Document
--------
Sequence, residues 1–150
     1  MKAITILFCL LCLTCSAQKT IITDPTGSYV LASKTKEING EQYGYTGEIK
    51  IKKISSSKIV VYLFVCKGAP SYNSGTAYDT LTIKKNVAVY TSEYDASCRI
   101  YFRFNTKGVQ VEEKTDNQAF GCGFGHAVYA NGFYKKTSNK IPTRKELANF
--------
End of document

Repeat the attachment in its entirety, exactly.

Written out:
Sequence, residues 1–150
     1  MKAITILFCL LCLTCSAQKT IITDPTGSYV LASKTKEING EQYGYTGEIK
    51  IKKISSSKIV VYLFVCKGAP SYNSGTAYDT LTIKKNVAVY TSEYDASCRI
   101  YFRFNTKGVQ VEEKTDNQAF GCGFGHAVYA NGFYKKTSNK IPTRKELANF